Take One

UPDATED 12/12/1983 at 01:00 AM EST Originally published 12/12/1983 at 01:00 AM EST

Publishers are hoping Michael Jackson, who has had an unbelievable six records in the Top 10 this year (exceeded only by the Beatles' 11 in 1964), can work his magic on their hit parade, the best-seller lists. The competition is intense for a planned book of Michael's poetry, photos and paintings; Doubleday has even sent Jacqueline Onassis to L.A. to woo the singer. Meanwhile, Pinnacle books will rush Michael!, its paperback Jackson bio, into the racks by mid-February. Among the few things the 200-plus page book doesn't reveal is that Michael had a nose job sometime last year. According to author Mark Bego, "I didn't need to say it; the photographs speak for themselves." Not quite. When Bego submitted 14 shots for the singer's approval, Jackson nixed every one showing him with his not-yet-narrowed proboscis. The star ruled them out not by tearing them up but, candidly, by crossing out the bothersome noses.

John Denver, who has often told friends he'd like to explore the cosmos, has petitioned NASA to allow him onto the space shuttle. Denver, a longtime NASA booster, reportedly wrote the agency that his show business experience makes him "qualified to communicate the space experience to the broadest audience." But NASA, which hopes to be able to take four civilians into space by 1990, "hasn't even established the process by which to choose them," according to a spokesman, so it can't say yet if John has the right stuff. Among the other celebs who have said they'd like to put on space suits are Walter Cronkite, James Michener, Bob Hope and Zsa Zsa Gabor. Now, if they all make it, one pioneering flight could yield some sweet music, umpteen newscasts, one very long novel, one Christmas special and, perhaps, an eighth husband. Most rock stars wouldn't think of going out in a limo unequipped with bar, TV, videotape player and one-way (mirrored) glass, which means limo companies are finding themselves saddled with over-the-hill models. That's why one New York rental service is grateful to Jackie Onassis, who makes a point of ordering "nondescript" transportation. Jackie prefers her limousines to be at the very least two years old, blue, gray or black (never white or New Wave pink or purple) and equipped with plain old two-way glass.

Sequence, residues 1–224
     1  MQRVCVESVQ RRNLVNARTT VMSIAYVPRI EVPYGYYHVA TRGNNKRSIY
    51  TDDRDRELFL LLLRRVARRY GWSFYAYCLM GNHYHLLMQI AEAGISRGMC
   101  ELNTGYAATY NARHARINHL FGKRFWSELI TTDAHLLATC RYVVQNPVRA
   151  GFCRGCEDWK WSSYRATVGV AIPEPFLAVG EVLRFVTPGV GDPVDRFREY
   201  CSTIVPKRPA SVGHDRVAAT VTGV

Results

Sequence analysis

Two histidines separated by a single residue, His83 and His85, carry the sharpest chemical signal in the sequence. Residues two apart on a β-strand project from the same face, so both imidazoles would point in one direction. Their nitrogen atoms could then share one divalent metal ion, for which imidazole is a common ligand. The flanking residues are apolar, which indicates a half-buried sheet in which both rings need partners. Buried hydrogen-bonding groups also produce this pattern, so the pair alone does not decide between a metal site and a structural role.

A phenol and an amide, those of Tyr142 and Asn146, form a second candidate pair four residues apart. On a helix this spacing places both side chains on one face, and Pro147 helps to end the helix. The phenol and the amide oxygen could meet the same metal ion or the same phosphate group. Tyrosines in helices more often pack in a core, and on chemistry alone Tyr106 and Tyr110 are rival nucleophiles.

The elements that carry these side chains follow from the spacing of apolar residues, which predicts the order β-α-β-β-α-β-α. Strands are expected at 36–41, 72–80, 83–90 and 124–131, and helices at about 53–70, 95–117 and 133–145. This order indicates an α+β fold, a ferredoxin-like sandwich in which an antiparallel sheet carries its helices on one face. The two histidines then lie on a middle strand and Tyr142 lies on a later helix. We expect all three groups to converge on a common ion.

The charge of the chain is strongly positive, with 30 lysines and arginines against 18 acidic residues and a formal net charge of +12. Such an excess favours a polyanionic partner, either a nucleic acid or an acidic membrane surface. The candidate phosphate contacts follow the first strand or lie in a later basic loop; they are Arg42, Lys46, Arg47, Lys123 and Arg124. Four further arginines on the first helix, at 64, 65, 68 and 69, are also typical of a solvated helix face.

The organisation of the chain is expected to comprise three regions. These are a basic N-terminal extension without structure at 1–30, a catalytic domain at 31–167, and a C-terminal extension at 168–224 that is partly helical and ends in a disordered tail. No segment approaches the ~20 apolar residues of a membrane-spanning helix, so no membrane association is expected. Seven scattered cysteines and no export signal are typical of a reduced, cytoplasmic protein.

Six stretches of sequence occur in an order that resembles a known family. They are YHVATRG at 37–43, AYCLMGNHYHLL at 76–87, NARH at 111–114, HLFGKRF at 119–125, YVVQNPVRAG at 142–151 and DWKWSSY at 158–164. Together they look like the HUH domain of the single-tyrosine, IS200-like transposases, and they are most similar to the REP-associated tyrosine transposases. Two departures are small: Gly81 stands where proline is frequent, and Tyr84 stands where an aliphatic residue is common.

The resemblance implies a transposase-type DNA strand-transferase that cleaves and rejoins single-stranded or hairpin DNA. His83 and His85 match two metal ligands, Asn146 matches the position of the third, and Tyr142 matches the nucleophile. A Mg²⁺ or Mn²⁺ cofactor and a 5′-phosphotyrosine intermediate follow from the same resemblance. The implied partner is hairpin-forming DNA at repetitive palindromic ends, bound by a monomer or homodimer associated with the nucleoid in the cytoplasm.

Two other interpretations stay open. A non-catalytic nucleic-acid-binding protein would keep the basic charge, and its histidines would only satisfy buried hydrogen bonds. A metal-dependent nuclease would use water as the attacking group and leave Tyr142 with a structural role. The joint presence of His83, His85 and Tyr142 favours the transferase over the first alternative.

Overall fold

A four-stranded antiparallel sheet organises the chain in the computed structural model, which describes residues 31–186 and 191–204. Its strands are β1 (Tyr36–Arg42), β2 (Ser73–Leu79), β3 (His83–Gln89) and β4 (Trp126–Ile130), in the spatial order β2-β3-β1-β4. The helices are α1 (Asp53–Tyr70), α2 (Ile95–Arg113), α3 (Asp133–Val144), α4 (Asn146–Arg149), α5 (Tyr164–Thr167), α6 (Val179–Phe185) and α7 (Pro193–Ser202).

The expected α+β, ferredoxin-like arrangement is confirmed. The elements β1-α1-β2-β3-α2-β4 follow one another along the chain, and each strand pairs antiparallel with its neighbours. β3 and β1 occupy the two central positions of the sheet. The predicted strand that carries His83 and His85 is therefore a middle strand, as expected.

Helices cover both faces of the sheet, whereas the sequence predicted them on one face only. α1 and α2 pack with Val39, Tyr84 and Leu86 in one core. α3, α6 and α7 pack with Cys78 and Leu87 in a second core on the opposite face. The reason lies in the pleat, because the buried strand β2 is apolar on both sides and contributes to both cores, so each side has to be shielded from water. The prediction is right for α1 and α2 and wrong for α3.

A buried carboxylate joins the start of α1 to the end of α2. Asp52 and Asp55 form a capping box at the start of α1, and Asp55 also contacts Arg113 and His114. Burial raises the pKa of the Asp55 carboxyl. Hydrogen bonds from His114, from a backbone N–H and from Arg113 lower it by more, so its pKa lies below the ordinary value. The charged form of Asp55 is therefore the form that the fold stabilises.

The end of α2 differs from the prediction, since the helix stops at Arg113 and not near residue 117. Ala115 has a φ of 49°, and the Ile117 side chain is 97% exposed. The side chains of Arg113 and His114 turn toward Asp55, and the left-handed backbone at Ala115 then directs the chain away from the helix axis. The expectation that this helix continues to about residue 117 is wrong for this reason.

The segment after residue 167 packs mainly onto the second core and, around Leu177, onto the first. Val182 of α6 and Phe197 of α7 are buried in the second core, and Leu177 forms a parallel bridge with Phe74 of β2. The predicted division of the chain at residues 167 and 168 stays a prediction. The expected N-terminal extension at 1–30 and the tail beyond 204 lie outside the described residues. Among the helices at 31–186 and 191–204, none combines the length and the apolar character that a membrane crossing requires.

Mel Ferrer, long known as Audrey Hepburn's first husband, and Jane Wyman, a/ k/ a Ronald Reagan's first wife, will wed again—on Falcon Crest next spring. Their characters, who have been showing interest in each other since the middle of last season, will tie the knot in an episode scheduled to be shot in January. The show's producers have gone to extraordinary lengths to keep the nuptial a secret. So don't tell anyone.

Art Garfunkel can't be too happy that Paul Simon removed his vocal tracks from Simon's new Hearts and Bones LP. (The disc was recorded as an S&G reunion before Paul decided that the songs were "too personal" to be sung by anyone but himself.) But songwriter Jimmy Webb, whose All I Know became the first Top 10 hit of Art's solo career in 1973, has no such problems. Garfunkel will debut Webb's The Animal's Christmas, a nativity theme cantata, at benefits in New York and London later this month. The London performance will be conducted by Beatles' producer George Martin.

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